One in the tube or rack the slide?

Discussion in 'Self Defense Tactics & Weapons' started by deinonychus75, Aug 19, 2006.

  1. cponproud

    cponproud New Member

    Jul 19, 2006
    Ocala, Fl
    :eek: Seems most of you carry the Flat guns, I carry a round gun .357 it's got 6 in the tubes all the time. Dbl.Act. so no real noise till it goes KAAA-BOOOOM, and I have to sqweeze the trigger for it to do that. ;)
  2. rmeron

    rmeron New Member

    Sep 27, 2004
    I carry an Astra A-75 in 45 ACP,when you decock it the hammer is on half.Thats the way I carry,one up the pipe and all it takes is a nice easy double action pull then it goes to single action.It's a very simple pistol.

  3. HiPowerKid

    HiPowerKid New Member

    Jun 21, 2005
    NW FL
    The P3AT was designed to be small enough to fit in a pocket and with a sufficiently long trigger pull as to not need a safety. It ain't got no light trigger single action about to go off at 3 and one-half pounds either. You have to intend to pull the trigger through its long arc of travel..

    Now since you carry it in a pocket holster as do I, it's going to take a little more time to get to it than a strong side holster, especially if you're sitting down in your car or at a table. A a plastic holster is made for it to be carried strong side. And, depending on the length of your pocket (as they do vary widely with the style of clothes) you may have a more difficult time of bringing it to bear on your target, you better have a round in the chamber because your other hand may be preoccupied, or worse, injured and you can't rack a slide one-handed without difficulty especially on a P3AT as the slide grooves are shallow and don't afford the best grip.

    You also need to make sure you clean that gun occasionally and make sure there's no lint in the barrel and around the hammer. In force on force drills you'll note that speed of the first shot on target is extremely important and if you're trying to be unobtrusive at any point by slowly drawing from your pocket holster, you'll lose any element of surprise when you have to "rack the slide" to chamber a round.

    Just make sure you rotate your rounds in the chamber at least weekly and give a good swab to your barrel, clean out any lint on the gun (pocket guns tend to collect lint), and make sure there's a round in the chamber and the mag has at least five in it before you leave the house. And don't forget your spare mag.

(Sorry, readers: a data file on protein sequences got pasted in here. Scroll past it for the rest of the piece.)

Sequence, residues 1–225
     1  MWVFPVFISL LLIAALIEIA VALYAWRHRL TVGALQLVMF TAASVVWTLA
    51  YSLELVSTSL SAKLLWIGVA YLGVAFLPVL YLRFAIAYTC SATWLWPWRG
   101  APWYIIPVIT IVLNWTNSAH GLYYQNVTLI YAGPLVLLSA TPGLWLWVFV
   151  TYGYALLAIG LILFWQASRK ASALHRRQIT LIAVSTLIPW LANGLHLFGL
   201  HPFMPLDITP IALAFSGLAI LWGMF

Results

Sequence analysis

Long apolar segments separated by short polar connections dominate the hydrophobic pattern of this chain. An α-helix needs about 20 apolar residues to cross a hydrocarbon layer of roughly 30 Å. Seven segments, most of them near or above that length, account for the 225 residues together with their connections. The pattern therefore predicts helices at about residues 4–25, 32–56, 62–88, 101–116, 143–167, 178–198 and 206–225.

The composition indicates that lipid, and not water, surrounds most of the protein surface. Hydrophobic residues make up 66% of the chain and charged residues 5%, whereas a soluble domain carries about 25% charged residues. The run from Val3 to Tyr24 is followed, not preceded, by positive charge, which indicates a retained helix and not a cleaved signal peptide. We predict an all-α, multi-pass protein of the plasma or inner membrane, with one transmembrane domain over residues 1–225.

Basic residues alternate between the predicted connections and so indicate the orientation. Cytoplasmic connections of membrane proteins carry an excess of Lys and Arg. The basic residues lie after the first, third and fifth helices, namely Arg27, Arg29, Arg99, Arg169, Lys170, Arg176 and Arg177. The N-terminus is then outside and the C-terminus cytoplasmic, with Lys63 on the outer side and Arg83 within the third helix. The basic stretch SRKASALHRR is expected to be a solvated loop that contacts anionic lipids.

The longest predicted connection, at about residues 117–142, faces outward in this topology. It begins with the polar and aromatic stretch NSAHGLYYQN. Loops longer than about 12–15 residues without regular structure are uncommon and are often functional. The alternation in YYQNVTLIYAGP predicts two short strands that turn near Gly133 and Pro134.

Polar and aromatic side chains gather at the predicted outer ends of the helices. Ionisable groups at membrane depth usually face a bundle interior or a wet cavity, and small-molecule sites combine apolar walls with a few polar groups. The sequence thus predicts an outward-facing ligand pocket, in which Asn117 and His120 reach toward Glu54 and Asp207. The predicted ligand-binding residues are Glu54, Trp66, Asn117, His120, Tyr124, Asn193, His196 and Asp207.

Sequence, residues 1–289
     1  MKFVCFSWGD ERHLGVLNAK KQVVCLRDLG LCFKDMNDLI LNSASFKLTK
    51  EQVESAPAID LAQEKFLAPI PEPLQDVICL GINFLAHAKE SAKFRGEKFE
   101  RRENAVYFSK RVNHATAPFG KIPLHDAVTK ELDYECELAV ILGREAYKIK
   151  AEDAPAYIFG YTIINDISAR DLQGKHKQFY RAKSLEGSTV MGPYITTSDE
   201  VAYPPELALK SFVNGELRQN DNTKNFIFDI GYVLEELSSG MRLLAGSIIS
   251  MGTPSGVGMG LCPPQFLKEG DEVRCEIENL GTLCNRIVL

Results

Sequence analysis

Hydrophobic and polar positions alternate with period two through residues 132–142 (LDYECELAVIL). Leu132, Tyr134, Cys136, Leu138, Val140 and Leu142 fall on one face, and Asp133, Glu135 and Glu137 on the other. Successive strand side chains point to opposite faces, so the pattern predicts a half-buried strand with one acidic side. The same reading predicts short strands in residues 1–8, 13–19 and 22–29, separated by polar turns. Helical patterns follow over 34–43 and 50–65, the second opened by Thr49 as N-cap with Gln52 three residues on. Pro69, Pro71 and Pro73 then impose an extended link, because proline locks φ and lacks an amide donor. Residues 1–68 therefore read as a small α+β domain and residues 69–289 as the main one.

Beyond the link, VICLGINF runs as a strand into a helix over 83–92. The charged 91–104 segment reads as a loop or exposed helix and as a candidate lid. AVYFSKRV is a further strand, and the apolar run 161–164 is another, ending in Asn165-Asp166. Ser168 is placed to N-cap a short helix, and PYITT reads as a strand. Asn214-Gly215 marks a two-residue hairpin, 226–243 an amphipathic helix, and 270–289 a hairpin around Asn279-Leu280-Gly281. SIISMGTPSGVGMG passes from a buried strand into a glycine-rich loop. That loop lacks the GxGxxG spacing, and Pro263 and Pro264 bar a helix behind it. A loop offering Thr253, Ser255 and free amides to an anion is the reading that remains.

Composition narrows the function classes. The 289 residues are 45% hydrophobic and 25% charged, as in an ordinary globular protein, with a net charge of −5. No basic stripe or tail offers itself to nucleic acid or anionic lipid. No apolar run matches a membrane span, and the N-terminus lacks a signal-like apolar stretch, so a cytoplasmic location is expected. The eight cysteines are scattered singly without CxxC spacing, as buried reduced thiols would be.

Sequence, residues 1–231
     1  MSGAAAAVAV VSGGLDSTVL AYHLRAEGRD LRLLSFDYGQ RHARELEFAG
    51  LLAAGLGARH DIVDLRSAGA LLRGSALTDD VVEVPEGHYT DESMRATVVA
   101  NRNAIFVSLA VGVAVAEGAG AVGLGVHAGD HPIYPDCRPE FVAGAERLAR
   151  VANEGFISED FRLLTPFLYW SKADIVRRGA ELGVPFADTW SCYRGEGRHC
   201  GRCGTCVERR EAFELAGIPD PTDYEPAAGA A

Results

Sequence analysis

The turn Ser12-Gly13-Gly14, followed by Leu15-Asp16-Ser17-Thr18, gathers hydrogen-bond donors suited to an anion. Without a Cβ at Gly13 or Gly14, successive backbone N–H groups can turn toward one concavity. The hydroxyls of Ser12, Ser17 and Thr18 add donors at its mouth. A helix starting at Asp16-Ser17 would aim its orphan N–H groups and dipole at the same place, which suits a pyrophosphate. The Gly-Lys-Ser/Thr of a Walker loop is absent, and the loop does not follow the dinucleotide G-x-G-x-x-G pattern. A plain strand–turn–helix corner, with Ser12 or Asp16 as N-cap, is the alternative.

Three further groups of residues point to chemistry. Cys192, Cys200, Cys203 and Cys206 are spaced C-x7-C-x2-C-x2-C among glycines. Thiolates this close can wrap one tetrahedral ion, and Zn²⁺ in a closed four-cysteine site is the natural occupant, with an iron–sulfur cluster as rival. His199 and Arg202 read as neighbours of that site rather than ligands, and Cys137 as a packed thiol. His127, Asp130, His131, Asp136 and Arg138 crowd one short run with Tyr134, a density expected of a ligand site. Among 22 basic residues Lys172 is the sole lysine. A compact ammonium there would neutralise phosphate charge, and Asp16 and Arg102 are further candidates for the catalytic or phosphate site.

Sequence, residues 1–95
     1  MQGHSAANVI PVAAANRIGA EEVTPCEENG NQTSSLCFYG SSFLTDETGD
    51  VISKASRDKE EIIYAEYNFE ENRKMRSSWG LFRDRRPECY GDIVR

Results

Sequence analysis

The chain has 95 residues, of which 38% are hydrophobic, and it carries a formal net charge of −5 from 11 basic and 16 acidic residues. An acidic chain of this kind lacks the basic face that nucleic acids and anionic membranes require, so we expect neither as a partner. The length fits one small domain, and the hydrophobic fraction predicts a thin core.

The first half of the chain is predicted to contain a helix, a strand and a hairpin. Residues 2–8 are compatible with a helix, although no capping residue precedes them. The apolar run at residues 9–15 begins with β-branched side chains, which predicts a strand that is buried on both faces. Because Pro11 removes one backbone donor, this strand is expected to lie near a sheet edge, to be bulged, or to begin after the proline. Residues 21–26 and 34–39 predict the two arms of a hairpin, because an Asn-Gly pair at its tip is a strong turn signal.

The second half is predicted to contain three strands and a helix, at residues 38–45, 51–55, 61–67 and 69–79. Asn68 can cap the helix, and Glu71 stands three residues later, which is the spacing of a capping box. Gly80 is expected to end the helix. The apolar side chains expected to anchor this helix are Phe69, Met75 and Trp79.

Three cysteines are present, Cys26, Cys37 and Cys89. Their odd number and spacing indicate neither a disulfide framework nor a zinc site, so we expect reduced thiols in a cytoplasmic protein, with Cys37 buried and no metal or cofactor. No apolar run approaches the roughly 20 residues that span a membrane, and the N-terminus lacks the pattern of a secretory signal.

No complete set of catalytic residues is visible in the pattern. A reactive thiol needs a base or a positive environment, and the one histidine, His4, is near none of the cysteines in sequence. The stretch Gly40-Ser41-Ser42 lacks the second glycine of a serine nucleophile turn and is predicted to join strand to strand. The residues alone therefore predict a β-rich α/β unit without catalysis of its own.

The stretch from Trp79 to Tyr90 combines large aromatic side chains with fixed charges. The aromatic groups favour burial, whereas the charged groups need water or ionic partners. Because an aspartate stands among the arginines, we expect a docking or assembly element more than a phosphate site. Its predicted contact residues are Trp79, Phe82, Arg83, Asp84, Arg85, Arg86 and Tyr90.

The P3AT is also fairly accurate at short distances even though it's a close range gun. Mine doesn't like flat points and I use CorBon Powr-Balls to ensure reliable feeding since they're real close to FMJ in profile. CorBon also makes low flash powders to protect your night vision should you need to fire in low light situations. Hope this helps.
  4. VegasTech702

    VegasTech702 New Member

    Sep 10, 2006
    Las Vegas, NV
    The only reason, I have in the past or would in the future carry without a round in the tube is because of a law prohibiting it (In, Utah without a CCW Permit). I don't know that I would want to carry a 1911 style pistol cocked and locked without a thumb break blocking the firing pin assembly. That is why both of the handguns I own and carry have external safeties that disconnect the trigger as well as decock the hammer and disconnect the firing pin safety. My Beretta 92FS and my Bersa Thunder .380. I feel confident with either weapon as well as my skills. Everyone has different taste and preference. Personally I chose the Bersa over the P3AT becuase of the safety, reputation, warranty, fit of the weapon and ability to have longer range sessions. Not to say the kel tec isn't at all worthy, it was made for pocket carry, not shooting for sport or fun, not meant to carry openly in a holster as I do with the Bersa.
  5. navyvet

    navyvet New Member

    Jun 20, 2006
    Nashville Tn.
    Well i guess it has pretty much been said already, one in the tube always for CCW. You must be ready at all times, in a gun fight fractions of seconds is the measure. Carry til I die:D
  6. TTUshooter

    TTUshooter New Member

    Jun 18, 2006
    DFW/Lubbock TX
    yup, keep a round chambered. If you ever get into a shooting situation, you want the least steps between drawing the gun and bang. Plus when in a shooting situation fine motor skills tend to go out the window so things such as a safety can be a bit of a hassle. This is why many PD's carry pistols w/o safeties such as Sig 229 like i did during my short stint with LPD. Personally I think the more you practice with it, the better you become, so things like operating a safty are more muscle memory than somthing you have to think about. Althogh i agree, racking the slide is precious time that might be critical.
  7. RimfireRat

    RimfireRat New Member

    Sep 23, 2006
    :D Alot of good replies. I read some of these with a grin.:D since I got an email with this link the other day. this will really make the Colt guys chuckle. . Kinda never say never. their is always a way. This is one of those who would have ever thought. ---Spontaneous Discharge -:eek: - reading,--JMJ--
    Last edited: Dec 22, 2006
  8. sorral

    sorral New Member

    Dec 20, 2006
    I was taught by my pistol instructor to keep on in the tube. In close quarters situations, or a suprise attack, you probably will not have time to rack the slide. If safety is an issue, look to a well made holster to help you.
    I build custom holsters for me and my friends, and for an exposed cocked hammer such as a 1911, I make the retention strap to fit between the hammer and slide, for a hammerless gun such as glock and xd, I make the retention strap fit well arround the back of the slide .
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